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Belfast Queen's Quay Railway Station
Queen's Quay railway station
Queen's Quay railway station
(also referred to as Belfast
Belfast
Queen's Quay) served the east of Belfast
Belfast
in Northern Ireland. It was formerly one of the three terminus railway stations in Belfast. The others were Great Victoria Street, and York Road.Contents1 History1.1 Belfast
Belfast
and County Down Railway 1.2 Ulster Transport Authority
Ulster Transport Authority
/ Northern Ireland
Northern Ireland
Railways 1.3 Following closure2 Service 3 Gallery 4 ReferencesHistory[edit] Belfast
Belfast
and County Down Railway[edit] Queen's Quay station was constructed in 1848[1] as the terminus of the Belfast
Belfast
and County Down Railway
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Queen's Quay, Belfast
Queen's Quay is a section of land bordering the River Lagan, in the western Titanic Quarter of the city of Belfast, Northern Ireland. As its name suggests, it originally located the southern section of the Belfast
Belfast
docks complex
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The Troubles
State security forcesBritish Armed Forces Royal Ulster
Ulster
ConstabularyIrish Defence Forces Gardaí Irish republican
Irish republican

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Bangor Railway Station (Northern Ireland)
Bangor railway station is a terminal railway station which serves the town of Bangor in County Down, Northern Ireland. History[edit] The station was opened by the Belfast and County Down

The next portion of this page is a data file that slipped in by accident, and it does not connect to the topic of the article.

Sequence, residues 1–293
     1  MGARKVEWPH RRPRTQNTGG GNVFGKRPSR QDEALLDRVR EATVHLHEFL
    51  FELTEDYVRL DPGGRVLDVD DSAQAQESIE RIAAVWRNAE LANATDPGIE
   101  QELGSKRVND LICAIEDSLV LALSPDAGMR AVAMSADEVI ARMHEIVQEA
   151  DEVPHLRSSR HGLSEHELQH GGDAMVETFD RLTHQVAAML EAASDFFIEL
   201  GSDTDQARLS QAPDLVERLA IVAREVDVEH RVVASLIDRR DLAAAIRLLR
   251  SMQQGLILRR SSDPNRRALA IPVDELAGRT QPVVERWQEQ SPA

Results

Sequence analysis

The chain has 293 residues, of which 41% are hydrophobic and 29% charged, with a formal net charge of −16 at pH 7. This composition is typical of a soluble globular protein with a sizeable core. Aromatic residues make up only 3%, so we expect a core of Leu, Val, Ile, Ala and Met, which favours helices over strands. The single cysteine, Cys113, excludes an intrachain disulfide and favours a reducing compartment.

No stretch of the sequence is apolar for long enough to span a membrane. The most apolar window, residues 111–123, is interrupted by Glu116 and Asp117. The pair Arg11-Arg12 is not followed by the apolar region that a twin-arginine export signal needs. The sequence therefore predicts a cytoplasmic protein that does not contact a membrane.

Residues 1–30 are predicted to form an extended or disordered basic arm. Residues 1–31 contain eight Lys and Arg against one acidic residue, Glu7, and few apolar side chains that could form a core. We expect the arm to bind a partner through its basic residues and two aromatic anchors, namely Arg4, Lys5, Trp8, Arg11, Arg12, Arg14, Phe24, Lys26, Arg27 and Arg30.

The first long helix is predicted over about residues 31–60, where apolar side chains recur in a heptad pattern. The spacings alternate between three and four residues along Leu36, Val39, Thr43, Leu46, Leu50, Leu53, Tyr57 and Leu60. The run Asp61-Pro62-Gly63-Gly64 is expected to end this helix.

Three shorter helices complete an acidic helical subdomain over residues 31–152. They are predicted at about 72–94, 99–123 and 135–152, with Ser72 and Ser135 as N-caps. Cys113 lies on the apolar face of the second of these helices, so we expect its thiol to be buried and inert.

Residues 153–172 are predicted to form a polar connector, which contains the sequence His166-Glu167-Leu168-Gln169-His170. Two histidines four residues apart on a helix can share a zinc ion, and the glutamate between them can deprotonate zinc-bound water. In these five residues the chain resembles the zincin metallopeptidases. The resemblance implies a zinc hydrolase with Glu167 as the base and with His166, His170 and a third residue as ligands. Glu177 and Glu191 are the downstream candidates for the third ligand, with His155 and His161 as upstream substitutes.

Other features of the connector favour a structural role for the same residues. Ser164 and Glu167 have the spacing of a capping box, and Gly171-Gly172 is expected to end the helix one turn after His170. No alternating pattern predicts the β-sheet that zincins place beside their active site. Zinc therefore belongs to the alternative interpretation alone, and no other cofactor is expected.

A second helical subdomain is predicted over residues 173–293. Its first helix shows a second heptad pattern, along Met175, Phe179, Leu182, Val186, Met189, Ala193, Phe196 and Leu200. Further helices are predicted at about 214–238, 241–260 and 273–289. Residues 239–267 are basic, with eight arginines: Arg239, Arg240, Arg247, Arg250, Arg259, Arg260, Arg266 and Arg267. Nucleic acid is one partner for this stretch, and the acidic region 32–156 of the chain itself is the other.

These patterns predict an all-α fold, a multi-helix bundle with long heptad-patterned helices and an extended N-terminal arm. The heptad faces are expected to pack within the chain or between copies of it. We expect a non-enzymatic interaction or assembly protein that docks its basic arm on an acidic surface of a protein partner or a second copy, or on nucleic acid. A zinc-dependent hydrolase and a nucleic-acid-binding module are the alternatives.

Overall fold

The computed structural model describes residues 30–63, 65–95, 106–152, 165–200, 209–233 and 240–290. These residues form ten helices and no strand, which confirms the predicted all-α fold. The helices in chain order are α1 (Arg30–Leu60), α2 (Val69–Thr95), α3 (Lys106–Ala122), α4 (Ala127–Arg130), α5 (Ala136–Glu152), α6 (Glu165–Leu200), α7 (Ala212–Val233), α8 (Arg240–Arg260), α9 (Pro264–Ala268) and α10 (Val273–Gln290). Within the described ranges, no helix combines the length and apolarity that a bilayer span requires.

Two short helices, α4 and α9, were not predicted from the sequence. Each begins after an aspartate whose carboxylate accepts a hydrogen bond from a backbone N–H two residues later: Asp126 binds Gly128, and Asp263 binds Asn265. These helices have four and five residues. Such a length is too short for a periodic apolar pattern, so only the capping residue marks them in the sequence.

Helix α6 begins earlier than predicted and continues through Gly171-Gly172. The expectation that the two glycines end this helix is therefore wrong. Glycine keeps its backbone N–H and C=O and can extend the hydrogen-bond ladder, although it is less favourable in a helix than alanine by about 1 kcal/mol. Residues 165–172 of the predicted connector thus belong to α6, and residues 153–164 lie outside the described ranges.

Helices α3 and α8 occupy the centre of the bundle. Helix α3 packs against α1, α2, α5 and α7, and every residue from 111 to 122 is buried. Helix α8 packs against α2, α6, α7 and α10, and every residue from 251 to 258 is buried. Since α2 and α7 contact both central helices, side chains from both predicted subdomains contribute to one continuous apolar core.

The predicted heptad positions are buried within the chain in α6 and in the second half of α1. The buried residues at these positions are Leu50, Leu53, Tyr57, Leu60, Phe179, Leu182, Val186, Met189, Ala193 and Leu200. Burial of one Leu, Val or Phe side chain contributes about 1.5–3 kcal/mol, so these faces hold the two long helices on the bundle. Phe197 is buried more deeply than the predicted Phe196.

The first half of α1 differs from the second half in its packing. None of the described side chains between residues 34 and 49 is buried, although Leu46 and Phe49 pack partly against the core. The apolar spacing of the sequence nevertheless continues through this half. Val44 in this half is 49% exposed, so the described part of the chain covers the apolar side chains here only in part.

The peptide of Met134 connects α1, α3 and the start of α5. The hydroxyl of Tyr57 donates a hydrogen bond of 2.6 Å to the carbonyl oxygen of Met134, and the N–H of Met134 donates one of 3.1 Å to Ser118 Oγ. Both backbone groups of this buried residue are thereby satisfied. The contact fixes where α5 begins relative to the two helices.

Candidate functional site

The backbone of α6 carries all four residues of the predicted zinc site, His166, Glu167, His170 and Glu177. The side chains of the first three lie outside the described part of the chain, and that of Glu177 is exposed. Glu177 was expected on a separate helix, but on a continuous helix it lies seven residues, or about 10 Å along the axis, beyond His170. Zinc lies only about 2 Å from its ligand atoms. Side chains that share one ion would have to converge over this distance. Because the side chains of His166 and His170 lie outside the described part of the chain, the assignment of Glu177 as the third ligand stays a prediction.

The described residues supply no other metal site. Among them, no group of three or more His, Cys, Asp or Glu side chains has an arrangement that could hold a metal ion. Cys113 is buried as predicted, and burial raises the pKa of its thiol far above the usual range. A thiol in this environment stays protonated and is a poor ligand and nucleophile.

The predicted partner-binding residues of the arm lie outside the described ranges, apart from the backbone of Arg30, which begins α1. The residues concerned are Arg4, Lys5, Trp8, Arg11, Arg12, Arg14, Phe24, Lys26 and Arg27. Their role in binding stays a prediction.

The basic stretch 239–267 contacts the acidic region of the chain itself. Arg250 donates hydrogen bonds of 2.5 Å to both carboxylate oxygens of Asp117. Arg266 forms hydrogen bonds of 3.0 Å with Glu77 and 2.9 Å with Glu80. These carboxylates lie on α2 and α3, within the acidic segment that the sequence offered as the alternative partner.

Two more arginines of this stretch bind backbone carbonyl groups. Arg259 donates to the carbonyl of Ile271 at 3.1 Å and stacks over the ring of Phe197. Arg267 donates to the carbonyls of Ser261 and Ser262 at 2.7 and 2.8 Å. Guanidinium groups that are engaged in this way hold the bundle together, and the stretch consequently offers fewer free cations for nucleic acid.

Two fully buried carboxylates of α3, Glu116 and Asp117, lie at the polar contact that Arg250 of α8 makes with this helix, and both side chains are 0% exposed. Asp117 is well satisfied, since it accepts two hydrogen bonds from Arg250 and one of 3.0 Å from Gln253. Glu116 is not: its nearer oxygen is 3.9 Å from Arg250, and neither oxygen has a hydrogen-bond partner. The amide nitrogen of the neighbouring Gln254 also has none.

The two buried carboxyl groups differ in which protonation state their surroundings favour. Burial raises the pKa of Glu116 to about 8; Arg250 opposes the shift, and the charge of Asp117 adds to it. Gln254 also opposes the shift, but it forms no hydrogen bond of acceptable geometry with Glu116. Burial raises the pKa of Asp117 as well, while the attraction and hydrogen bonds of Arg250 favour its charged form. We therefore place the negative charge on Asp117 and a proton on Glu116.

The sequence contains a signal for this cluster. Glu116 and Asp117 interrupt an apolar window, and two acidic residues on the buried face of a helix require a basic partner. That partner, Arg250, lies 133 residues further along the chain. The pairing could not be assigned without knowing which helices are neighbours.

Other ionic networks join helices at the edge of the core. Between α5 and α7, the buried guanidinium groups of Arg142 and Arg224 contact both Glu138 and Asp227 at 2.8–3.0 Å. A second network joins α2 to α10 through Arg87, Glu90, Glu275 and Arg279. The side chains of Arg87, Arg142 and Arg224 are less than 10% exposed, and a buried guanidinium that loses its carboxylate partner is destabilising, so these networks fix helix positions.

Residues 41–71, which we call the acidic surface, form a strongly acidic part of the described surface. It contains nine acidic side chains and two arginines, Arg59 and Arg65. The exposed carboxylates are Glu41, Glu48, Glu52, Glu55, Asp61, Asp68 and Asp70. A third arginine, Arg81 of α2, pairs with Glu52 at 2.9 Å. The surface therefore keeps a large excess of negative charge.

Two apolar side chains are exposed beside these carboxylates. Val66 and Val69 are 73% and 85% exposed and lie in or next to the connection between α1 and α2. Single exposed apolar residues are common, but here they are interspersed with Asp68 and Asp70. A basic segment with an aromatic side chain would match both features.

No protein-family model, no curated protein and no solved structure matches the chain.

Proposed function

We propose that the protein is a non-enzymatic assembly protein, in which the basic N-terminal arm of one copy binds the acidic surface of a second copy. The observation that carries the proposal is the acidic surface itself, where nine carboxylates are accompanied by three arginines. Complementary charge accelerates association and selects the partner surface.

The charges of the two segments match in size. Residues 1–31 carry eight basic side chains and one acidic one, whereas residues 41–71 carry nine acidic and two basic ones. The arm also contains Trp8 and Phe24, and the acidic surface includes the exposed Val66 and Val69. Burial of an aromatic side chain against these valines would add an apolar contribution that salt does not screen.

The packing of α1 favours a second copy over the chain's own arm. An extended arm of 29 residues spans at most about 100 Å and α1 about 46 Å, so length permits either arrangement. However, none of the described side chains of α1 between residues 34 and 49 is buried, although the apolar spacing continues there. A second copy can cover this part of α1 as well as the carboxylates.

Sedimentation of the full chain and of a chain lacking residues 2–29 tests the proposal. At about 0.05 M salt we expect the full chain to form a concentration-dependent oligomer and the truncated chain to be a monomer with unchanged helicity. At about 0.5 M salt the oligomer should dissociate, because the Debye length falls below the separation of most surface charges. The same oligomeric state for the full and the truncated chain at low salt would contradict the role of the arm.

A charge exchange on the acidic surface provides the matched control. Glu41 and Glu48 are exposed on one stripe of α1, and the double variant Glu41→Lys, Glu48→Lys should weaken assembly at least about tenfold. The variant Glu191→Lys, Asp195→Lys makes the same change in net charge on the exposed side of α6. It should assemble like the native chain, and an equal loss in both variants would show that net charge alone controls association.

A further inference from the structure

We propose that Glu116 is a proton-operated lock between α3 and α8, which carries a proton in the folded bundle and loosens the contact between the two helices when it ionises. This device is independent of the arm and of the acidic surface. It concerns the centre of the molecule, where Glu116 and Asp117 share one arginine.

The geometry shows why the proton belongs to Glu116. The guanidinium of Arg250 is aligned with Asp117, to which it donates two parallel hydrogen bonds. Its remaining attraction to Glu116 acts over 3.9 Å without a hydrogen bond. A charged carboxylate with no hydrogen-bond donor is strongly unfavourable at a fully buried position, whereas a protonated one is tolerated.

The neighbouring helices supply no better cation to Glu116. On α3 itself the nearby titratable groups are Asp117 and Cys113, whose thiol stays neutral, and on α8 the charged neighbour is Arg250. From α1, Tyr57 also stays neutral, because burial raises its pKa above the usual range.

County Down
Railway on 1 May 1865 and closed to goods traffic on 24 April 1950.[1] The station buildings were erected in 1864-1865 to designs by the architect Charles Lanyon. Service[edit] Mondays to Saturdays there is a half-hourly service towards Belfast Central, Belfast Great Victoria Street, Portadown or Newry. Extra services operate at peak times, and the service reduces to hourly operation in the evenings
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Northern Ireland
Northern Ireland
Ireland
(Irish: Tuaisceart Éireann [ˈt̪ˠuəʃcəɾˠt̪ˠ ˈeːɾʲən̪ˠ] ( listen);[8] Ulster-Scots: Norlin Airlann) is a part of the United Kingdom
United Kingdom
in the north-east of the island of Ireland,[9][10] variously described as a country, province or region.[11][12][13] Northern Ireland
Ireland
shares a border to the south and west with the Republic of Ireland. In 2011, its population was 1,810,863,[4] constituting about 30% of the island's total population and about 3% of the UK's population
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Ardglass Railway Station
Ardglass
Ardglass
railway station was the terminus of the Downpatrick, Killough and Ardglass
Ardglass
Railway, which ran from Belfast
Belfast
south to Newcastle, County Down
County Down
in Northern Ireland. History[edit] Opened by the Downpatrick, Killough and Ardglass
Ardglass
Railway, it became part of the Belfast
Belfast
and County Down
County Down
Railway. The station closed to passengers in 1950, by which time it had been taken over by the Ulster Transport Authority. The site today[edit] The site was extant but the station buildings mostly roofless and derelict in 2017.Preceding station Historical railways Following stationConey Island   Belfast
Belfast
and County Down
County Down
Railway Belfast-Ardglass   TerminusReferences[edit]Butt, R. V. J. (1995)
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Comber Railway Station
Comber
Comber
railway station was on the Belfast
Belfast
and County Down
County Down
Railway which ran from Belfast
Belfast
to Newcastle, County Down
County Down
in Northern Ireland. History[edit] The station was opened by the Belfast